The Corner

Politics & Policy

Republican Senators Still Swimming against the Trump Tide— for Now

The polling story for Republicans for months now, in good times and bad times for Donald Trump, has been the surprising resilience of Republican Senate candidates (and to some extent candidates in House and governor races). This is not what was originally projected for 2016, as the GOP is defending a very large number of seats in purple and blue states won in the 2010 wave, and on offense only in Nevada and Colorado; so even the most bullish observers of the GOP presidential field expected some losses in the Senate. At the same time, many skeptical observers of the Trump campaign (myself included) thought the combination of contagion from a toxically unpopular nominee and Trump’s abandonment of a traditional ground game meant that he would have catastrophic consequences down the ticket.

So far, it hasn’t happened — but then, so far, all we have is polls, not election results. Updating the chart I’ve been using for a few months now, here’s how the GOP’s Senate candidates compare to Trump’s standing in the same states in the RCP polling averages:

Given the availability of more polls, I’ve added two states that were left off prior iterations of this chart (Illinois and Utah), but I include two separate bottom lines, the second with Utah removed, since Mike Lee isn’t really in a competitive race (then again, no other Republican nominee for president would be in one in Utah, where Mitt Romney got 72.6 percent of the vote), and I don’t want to let one state skew the results. Of perhaps greatest concern to Senate Republicans, the people who seem to be running furthest ahead of Trump are the ones in states that have not been polled as regularly recently (the “Fresh” column shows how many of the polls in the current average were taken in October).

Eleven of the twelve Republicans running ahead of Trump (all but Joe Heck) are incumbents, but the margins by which they lead him are pretty significant, with five running double digits ahead of him and four others running 5.9 to 7.8 points ahead. Only Heck and Ron Johnson are within three points of Trump, although the Nevada Senate race still has a lot of undecided voters and isn’t over yet. Allahpundit suggests that Trump may actually be helping other Republican candidates look sane and temperate by comparison, and clearly voters are able to discern that Trump is not representative of the party and not truly embraced even by people who are nominally endorsing him.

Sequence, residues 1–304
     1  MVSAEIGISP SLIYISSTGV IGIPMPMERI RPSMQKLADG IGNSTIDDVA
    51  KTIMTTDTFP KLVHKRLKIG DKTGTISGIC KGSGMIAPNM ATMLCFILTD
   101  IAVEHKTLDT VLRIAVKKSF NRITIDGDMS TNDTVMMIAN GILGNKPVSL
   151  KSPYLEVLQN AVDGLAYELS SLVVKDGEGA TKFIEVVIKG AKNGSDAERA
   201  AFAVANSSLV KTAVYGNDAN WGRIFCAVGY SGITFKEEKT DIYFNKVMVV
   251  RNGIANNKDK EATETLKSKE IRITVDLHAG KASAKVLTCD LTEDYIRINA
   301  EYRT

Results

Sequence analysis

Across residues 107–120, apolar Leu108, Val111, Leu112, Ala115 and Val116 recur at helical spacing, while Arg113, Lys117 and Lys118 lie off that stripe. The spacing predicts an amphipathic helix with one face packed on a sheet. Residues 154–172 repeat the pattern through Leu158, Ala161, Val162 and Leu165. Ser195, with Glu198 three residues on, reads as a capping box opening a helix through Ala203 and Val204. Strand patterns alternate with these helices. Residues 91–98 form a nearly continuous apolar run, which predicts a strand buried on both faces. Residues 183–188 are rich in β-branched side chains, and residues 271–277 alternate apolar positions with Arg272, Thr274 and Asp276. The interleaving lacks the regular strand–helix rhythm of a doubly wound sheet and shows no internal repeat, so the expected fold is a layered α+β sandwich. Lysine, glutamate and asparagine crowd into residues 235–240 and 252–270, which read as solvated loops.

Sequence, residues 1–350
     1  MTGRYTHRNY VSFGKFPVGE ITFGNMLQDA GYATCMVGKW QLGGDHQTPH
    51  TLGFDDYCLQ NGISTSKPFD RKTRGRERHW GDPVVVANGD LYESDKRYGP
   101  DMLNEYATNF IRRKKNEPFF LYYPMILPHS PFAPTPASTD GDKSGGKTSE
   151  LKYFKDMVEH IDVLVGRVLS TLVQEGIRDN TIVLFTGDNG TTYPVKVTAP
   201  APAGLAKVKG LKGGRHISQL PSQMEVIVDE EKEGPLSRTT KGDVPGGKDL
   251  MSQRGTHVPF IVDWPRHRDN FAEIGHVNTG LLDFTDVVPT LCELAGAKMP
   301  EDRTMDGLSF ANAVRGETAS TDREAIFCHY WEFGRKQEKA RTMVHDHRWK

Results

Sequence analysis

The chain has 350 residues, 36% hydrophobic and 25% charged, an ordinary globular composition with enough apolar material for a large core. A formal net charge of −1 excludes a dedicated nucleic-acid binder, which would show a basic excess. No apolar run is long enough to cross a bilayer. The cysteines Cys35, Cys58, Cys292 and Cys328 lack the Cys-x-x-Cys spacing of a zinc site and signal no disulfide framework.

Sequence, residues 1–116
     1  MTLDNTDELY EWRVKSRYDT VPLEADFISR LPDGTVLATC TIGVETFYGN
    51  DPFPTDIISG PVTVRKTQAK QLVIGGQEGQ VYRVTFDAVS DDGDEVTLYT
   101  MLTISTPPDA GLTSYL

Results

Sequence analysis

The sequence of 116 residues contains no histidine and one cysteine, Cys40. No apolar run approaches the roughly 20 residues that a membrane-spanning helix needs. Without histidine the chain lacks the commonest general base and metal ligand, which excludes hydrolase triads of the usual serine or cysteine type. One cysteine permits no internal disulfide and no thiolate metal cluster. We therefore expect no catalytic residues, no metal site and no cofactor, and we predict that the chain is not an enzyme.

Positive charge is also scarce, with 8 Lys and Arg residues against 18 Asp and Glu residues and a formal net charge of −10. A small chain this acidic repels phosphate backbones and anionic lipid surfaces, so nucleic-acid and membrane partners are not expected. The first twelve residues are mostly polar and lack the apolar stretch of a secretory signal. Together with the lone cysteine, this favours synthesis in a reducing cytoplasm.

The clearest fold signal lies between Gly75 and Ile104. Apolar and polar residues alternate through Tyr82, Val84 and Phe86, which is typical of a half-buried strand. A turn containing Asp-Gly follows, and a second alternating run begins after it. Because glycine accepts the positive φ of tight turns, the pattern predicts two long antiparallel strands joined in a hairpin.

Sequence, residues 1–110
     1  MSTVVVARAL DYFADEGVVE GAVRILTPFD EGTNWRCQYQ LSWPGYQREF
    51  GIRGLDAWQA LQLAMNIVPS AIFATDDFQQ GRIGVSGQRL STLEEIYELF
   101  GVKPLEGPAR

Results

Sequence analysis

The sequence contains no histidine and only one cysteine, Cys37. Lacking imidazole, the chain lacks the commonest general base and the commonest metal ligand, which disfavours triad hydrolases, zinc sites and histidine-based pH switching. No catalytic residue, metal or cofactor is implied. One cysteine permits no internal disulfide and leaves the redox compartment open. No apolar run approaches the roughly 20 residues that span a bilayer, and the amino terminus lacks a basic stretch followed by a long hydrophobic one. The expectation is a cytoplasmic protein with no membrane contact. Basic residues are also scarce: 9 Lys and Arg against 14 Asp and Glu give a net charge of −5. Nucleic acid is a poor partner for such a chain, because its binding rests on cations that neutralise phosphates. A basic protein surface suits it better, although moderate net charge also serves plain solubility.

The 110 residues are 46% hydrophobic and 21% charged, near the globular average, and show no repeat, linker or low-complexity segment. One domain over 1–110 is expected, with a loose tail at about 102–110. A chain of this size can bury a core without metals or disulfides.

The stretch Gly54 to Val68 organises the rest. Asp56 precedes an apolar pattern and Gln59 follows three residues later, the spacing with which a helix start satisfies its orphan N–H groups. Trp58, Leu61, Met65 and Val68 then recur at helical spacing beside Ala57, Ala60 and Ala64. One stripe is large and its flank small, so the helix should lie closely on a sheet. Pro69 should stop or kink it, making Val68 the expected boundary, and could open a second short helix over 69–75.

With Johnson now running ahead of Trump, only three GOP Senate candidates are running worse than Trump, and only one incumbent, Roy Blunt in Missouri. Darryl Glenn in Colorado is running a fairly weak campaign against a Democratic incumbent (Glenn declared himself an enthusiastic Trump backer in July, “suspended” his endorsement after the Billy Bush GrabGate video hit, and has lately inched back towards supporting Trump), and Todd Young is still in a brawl with former senator Evan Bayh.

A lot of people in the GOP really wish there wasn’t still almost three weeks to Election Day, because the trends can still get a lot worse. And frankly, even though the news is still relatively encouraging for Senate Republicans, I’m not totally sure I believe the polls. There’s no reason to doubt that they have the general storyline correct: Trump is losing fairly decisively, while normal Republicans are running ahead of him. But there’s a lot of variables here. Trump is such an unconventional candidate, and this election has been so unusual in so many ways (colossal TV ratings, massively unpopular candidates nominated by both parties), that it’s hard to have much confidence that we know what turnout will be like at all (and if your poll doesn’t accurately project turnout, the rest of its findings are almost useless).

Senate races are likely to have very little control over turnout in a presidential contest, and Republicans lost a bunch of close races in 2008 and 2012 for that reason. We also don’t know how the closing-weeks dynamics will affect ticket-splitting or coattails. Will stubborn Trump voters come out believing the race is still competitive? Will listeners to pro-Trump talk radio boycott down-ticket races to protest perceived disloyalty to Trump? (People like Paul Ryan and Marco Rubio are obviously working hard to avoid giving Trump an excuse to tell his supporters openly not to vote Republican down-ticket). Will voters in the booth who are appalled by Trump and uncomfortable with Hillary vote for divided government as a check, or will they vote Democrat to punish the GOP for Trump? Will the GOP’s absence of a ground game cause the party to seriously underperform projected turnout? The polls have an answer for all these questions. We don’t know yet if it’s the right one.

Dan McLaughlin — Dan McLaughlin is an attorney practicing securities and commercial litigation in New York City, and a contributing columnist at National Review Online.

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